DeLay Leaves Congress After 22 Years of Service
RENEE MONTAGNE, host:
And on the other side of the Capitol, today is the last day on the Hill for Congressman Tom DeLay, of Texas.
During his 22-year career, he rose through the House ranks to become a dominant figure, serving as majority whip and as majority leader. His tough tactics were legendary, but last year's indictment on charges of laundering campaign funds back in Texas forced him to step down as leader.
As NPR's Luke Burbank reports, Tom DeLay leaves behind some admirers, some enemies, and a cloud of unresolved ethical questions.
LUKE BURBANK reporting:
The smiling Congressman who bid farewell to the House last night, hardly seemed like the man who'd earned the nickname The Hammer.
Reprsentative TOM DELAY (Republican, Texas): Nothing, not this retirement, not tough losses or old wounds, can detract from the joy that I feel and the blessings I offer to this House and its members. I say goodbye today, Mr. Speaker, with few regrets. No doubts. And so, with love and gratitude for friend and foe alike, patriots all, I yield back the floor of our beloved House and I exit, as always, stage right.
(Soundbite of applause)
BURBANK: But his many opponents remember a different Tom DeLay.
Representative GEORGE MILLER (Democrat, California): He destroyed the Democratic underpinnings of the House of Representatives.
BURBANK: George Miller is a long-time California Democrat, and not, as you might have gathered, a big Tom DeLay fan.
Rep. MILLER: Tom DeLay took the people's House, where all voices are supposed to be heard, where the minority is protected to present amendments, to present arguments, and he turned it into a winner take all. That's all it was. He cared nothing of the minority. He cared nothing of Democratic protections.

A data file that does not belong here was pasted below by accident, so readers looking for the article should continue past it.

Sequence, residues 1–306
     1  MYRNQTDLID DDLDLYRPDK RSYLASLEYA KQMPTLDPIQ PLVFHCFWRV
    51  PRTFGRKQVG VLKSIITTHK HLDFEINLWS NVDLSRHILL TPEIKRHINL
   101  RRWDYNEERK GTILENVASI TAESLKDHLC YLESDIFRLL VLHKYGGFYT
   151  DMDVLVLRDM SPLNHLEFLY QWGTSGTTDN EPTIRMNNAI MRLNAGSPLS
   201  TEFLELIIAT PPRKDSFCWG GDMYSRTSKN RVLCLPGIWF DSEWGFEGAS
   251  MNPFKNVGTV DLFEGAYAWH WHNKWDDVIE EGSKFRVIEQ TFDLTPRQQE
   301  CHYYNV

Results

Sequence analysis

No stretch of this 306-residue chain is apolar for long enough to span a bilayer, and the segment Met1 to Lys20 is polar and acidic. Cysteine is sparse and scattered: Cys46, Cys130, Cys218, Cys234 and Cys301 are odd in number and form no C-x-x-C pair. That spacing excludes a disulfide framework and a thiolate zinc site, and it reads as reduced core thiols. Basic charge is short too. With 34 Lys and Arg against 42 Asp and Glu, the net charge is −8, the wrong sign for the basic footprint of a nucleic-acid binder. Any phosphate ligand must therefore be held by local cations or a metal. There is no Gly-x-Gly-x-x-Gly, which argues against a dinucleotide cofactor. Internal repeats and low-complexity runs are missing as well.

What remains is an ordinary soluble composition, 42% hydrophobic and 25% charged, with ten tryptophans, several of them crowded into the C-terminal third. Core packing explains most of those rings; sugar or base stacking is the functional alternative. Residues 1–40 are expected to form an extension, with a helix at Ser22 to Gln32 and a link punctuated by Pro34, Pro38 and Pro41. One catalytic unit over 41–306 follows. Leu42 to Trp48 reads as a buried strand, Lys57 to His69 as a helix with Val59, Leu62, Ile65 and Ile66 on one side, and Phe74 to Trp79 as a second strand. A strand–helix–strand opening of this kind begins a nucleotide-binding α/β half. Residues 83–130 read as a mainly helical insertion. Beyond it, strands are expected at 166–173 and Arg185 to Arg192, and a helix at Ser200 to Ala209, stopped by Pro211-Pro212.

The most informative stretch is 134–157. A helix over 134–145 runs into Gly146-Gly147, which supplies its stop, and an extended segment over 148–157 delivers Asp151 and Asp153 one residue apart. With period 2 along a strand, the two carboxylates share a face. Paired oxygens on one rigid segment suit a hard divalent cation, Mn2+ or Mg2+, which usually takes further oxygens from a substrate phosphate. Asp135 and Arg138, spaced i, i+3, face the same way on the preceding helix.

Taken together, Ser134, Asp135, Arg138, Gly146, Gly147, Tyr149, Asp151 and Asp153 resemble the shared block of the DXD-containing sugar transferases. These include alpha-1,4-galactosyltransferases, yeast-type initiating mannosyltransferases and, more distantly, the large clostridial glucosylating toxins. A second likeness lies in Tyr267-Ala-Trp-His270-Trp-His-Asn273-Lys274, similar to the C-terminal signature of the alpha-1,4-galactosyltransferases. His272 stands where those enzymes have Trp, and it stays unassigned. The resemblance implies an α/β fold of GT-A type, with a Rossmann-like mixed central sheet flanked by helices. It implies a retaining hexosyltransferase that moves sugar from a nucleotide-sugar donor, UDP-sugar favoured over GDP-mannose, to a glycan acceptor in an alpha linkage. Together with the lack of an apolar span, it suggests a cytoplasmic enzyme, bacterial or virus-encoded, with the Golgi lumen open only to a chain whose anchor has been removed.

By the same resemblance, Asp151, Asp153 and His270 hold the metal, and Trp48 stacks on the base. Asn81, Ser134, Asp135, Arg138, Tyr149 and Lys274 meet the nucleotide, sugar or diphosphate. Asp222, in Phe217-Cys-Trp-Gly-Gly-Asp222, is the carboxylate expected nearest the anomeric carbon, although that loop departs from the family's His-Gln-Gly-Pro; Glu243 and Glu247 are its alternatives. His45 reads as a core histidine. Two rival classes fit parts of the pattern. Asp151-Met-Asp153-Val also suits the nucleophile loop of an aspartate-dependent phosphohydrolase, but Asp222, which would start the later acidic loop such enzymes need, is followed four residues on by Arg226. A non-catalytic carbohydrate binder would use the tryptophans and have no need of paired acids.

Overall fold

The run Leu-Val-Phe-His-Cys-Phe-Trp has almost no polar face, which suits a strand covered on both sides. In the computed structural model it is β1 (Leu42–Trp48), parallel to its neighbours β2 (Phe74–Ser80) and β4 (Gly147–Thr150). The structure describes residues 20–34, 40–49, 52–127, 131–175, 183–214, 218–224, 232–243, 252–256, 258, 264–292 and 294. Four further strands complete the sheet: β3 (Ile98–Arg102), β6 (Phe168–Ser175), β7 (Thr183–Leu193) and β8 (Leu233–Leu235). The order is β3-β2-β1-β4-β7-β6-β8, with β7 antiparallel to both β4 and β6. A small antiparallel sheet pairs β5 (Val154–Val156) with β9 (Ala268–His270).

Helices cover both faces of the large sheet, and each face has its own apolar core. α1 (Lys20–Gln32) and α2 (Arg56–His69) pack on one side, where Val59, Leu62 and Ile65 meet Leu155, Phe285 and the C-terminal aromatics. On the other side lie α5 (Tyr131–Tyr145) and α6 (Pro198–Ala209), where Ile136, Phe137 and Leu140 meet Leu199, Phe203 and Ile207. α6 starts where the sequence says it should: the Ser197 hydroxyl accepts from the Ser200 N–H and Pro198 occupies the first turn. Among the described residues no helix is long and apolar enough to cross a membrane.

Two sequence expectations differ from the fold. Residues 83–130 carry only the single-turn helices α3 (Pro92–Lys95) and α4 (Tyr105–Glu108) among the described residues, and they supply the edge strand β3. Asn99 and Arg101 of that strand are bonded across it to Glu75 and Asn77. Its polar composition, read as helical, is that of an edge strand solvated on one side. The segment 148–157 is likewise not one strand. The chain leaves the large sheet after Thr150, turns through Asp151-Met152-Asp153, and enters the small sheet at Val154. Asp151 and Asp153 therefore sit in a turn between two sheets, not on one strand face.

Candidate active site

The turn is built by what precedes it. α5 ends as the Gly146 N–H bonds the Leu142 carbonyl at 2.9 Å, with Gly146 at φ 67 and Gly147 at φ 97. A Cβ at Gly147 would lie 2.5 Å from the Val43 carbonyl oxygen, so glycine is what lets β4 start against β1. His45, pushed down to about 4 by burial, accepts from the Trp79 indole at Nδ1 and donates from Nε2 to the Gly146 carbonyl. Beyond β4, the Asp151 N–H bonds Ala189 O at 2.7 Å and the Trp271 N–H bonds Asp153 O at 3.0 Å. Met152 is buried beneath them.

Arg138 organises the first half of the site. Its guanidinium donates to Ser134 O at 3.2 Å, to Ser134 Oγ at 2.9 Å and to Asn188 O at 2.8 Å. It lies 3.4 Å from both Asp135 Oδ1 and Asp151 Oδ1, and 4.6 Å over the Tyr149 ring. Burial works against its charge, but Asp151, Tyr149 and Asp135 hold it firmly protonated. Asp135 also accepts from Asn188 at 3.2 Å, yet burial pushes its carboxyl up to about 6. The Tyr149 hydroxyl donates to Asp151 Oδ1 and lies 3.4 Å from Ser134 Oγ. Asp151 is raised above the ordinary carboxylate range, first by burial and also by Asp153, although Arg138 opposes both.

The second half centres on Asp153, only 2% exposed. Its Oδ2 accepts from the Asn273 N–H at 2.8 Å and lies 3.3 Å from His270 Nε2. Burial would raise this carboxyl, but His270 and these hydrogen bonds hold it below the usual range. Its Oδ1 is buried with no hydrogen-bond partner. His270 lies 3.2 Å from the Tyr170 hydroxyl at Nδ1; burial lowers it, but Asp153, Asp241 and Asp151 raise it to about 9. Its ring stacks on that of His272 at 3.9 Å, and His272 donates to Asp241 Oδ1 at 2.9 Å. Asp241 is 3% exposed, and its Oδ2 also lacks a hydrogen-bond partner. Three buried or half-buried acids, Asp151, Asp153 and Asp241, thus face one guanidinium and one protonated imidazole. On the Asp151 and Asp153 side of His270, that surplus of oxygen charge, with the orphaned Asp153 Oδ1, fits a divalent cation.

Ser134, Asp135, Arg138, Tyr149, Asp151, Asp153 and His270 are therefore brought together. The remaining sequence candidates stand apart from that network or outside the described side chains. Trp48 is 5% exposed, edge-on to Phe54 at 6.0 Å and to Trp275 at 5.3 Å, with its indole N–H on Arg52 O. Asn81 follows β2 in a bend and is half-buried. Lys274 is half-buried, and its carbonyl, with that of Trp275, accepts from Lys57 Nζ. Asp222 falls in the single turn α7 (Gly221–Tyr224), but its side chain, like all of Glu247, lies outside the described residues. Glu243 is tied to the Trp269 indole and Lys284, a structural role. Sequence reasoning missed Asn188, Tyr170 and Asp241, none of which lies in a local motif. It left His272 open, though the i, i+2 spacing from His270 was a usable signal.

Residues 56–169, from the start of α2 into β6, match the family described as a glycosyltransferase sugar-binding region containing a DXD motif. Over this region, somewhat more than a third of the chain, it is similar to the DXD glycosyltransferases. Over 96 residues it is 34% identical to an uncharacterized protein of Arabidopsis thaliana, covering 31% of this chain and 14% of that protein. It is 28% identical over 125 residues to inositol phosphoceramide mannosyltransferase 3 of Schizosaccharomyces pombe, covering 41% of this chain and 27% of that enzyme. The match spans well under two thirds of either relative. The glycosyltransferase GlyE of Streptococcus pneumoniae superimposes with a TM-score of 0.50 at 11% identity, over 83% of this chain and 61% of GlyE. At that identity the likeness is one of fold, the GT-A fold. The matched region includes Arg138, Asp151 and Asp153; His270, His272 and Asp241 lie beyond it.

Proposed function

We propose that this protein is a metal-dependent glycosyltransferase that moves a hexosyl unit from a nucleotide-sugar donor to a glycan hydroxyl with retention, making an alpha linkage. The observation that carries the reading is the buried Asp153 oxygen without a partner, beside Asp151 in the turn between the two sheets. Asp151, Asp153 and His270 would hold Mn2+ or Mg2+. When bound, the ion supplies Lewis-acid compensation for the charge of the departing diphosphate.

BURBANK: DeLay was notably effective at concentrating power. He did it in part by tightly controlling committee chairmanships. That helped insure that only legislation DeLay and other GOP leaders supported made it to the floor for a vote. He's credited with getting some tough pieces of legislation through the House with just enough votes to pass.
Representative JOHN BOEHNER (Republican, Ohio): He's been a real leader and it's sad that he's chosen to go.
BURBANK: That's Ohio Republican John Boehner, who replaced DeLay as majority leader. But Boehner was not one of DeLay's inner circle, and there were many Republicans, especially moderates, who felt DeLay's wrath when they failed to march as ordered. So far, during his time as leader, Boehner has been much more open to letting Democrats and dissenting Republicans have input on issues.
James Thurber, who teaches political science at American University, says Boehner found it necessary to do some serious bridge rebuilding.
Professor JAMES THURBER (Professor and Director, Center for Congressional and Presidential Studies, American University): We had extreme partisanships, lack of comity and civility under Tom DeLay, between the two parties, and it's going to take some time to bring that back.
BURBANK: DeLay tended to use more sticks than carrots when looking to motivate members of his party, but he did have one big carrot: money. Through close connections with lobbyists, including the now infamous Jack Abramoff, who is awaiting sentencing on federal corruption charges, DeLay was able to raise unprecedented amounts in campaign funds he then directed towards those who were loyal to him.
Prof. THURBER: He had strong links with K Street, or the lobbyists in Washington D.C., that funneled money into these leadership PACs and helped these chairs and helped the party.
BURBANK: Ultimately, though, those connections were DeLay's undoing.
Three years ago, questions began to surface about money being moved through a political action committee DeLay was associated with in Texas. The operation benefited candidates for the State Legislature in Texas, who eventually redrew that state's political map. This, in turn, enabled DeLay to add five new Texas Republicans to Congress in 2004; but it also led to an indictment in 2005, which forced DeLay to step down from the position of majority leader. DeLay continues to insist the indictment was politically motivated, but the pending charges and trial have been complicated by his association with Abramoff, who's now cooperating with federal prosecutors in a continuing investigation of influence peddling in Congress.
All these probes left DeLay looking vulnerable in his bid for reelection and, two months ago, he announced he was retiring. DeLay has also announced he is relocating to Virginia. That's fueled speculation he'll go to work for a lobbying firm, meaning that Tom DeLay, the lobbyist, could soon be back on Capitol Hill with all his friends and foes.
Luke Burbank, NPR News, the Capitol. Transcript provided by NPR, Copyright NPR.